Banks: That’s exactly right. So, a lot of these issues are bound to change, especially with the influence of special-interest groups on Capitol Hill that are trying to impact this legislation. But we’ve got to look at the bigger picture. The bigger picture is that this is really good for middle-income, middle-class families. It’s going to put more money in their pockets to invest. A $1.5 trillion tax cut, that’s going to put money back into the economy, that will grow the economy, get us back to 3 or 4 percent [gross domestic product] growth for the foreseeable future. That’s good for the economy, it’s good for homebuilders, it’s good for Realtors, it’s good for the consumers and local businesses in our local economy. So that’s going to create more good-paying jobs.

Wood: You’re going to vote, hopefully, next week sometime. Then the Senate is going to take up their aspect of it. What are you looking for in the next few weeks? I know you all want to get something passed and to the president before the end of the year. How do you see it playing out?

Banks: When I go back to Northeast Indiana and speak to my constituents, they’re still deeply upset about what happened with repealing Obamacare and the lack of action on doing something about the catastrophe that is the health care system as it is today. So I’m a little bit concerned about what happens when the legislation goes to the Senate.

I think a lot of us are worried about what that will look like. But right now there is broad support in the Republican conference in the House, from the Tuesday Group moderate Republican faction to the Republican Study Committee and Freedom Caucus on the right and those in the middle. So I am optimistic that we’ll do our part in the House, pass it hopefully by the end of next week before Thanksgiving. And then let the Senate do their work, hopefully, and have something go to the president for his signature by the end of the year.

Wood: Do you expect to get any Democratic colleagues to come alongside you and vote for the tax reform?

Banks: I might be in the minority in this thinking, but I really do. I don’t know, for example, how Sen. Joe Donnelly from Indiana, who bills himself as a moderate Democrat who’s on the ballot next year, will face the voters next year. I don’t know how he can afford to vote against a significant tax cut for middle-class families, to grow the economy. If he does vote against it—which will likely happen, again, by the end of the year—he’s going to see the impact next year in an election year and a lot of people, a lot of Hoosiers, will question why he voted against it. So there are a lot of Joe Donnellys in the Senate. A lot of Democrats who are on the ballot in contested races next year, a lot of House members as well who are Democrats that are facing tough elections. There’s gonna be a heck of a price to pay to vote against it.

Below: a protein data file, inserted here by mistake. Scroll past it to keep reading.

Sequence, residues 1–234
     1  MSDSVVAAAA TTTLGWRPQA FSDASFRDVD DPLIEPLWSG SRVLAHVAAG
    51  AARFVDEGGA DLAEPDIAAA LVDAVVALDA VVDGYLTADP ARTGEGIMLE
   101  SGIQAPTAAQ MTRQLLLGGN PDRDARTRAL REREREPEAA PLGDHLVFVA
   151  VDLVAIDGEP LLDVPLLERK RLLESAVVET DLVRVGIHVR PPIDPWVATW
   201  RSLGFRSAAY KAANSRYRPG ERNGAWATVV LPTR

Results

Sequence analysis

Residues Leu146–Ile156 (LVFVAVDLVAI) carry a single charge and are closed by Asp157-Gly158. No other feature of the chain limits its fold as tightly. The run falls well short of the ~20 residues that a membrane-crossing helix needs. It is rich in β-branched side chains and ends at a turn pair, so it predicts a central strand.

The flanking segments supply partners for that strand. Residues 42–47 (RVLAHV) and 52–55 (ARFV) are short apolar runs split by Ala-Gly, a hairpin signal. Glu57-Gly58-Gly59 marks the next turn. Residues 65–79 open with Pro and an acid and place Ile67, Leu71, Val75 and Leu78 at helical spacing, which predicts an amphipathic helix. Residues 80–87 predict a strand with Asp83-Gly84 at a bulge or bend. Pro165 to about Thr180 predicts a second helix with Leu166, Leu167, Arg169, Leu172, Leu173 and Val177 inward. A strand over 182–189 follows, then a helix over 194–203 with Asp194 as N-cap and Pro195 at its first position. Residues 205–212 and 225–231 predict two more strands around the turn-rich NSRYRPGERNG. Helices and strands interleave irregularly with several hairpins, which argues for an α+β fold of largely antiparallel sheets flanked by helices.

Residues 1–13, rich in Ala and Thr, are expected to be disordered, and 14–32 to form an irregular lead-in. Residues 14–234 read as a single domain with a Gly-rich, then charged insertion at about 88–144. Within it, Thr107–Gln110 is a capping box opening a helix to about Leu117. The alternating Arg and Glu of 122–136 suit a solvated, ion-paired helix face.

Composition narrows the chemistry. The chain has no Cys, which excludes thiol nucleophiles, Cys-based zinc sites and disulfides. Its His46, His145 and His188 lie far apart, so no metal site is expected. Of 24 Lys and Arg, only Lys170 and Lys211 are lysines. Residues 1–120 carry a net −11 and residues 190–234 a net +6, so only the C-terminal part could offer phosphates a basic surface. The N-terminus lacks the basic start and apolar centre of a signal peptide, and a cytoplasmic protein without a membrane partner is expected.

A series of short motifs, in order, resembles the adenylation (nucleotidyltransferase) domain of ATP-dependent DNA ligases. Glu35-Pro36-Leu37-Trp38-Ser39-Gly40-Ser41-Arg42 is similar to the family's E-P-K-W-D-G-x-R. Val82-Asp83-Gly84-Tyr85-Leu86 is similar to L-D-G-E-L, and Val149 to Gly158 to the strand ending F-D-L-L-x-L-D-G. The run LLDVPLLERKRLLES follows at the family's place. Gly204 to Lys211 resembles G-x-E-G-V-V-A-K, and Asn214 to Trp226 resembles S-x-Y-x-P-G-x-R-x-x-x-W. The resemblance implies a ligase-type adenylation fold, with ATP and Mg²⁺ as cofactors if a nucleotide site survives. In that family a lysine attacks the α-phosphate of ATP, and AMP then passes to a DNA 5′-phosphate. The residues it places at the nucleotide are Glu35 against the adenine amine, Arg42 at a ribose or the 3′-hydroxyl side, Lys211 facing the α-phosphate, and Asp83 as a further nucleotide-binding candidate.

Wood: Final question for you. Your constituents, I’m sure you’re hearing a lot from them. What are their main questions when they hear about tax reform? Because it is tax reform, it’s not just tax cuts, it’s reforming the system as well. What are your constituents asking and what are their main concerns?

Banks: I think they’re confused. They hear the rhetoric from the Nancy Pelosies and those on the left who want to change the subject and do everything they can to stop progress from those of us on the Republican side from doing what we said we would do. So when they hear the rhetoric, they’re confused. They know their taxes are too high, they know they spend, they give the government too much money at the local, state, and federal level. So automatically, they trust us, they know that we’re trying to do the right thing. But they have a lot of questions about what it would do for them.

And when we take the time to explain what doubling the standard deduction will do, what a $1.5 trillion tax cut will do for the economy, what lowering tax rates on corporations and small businesses will do for the local economy, overall, it’s a positive response. They just want to know that we’ll do our job and do what we said we would do.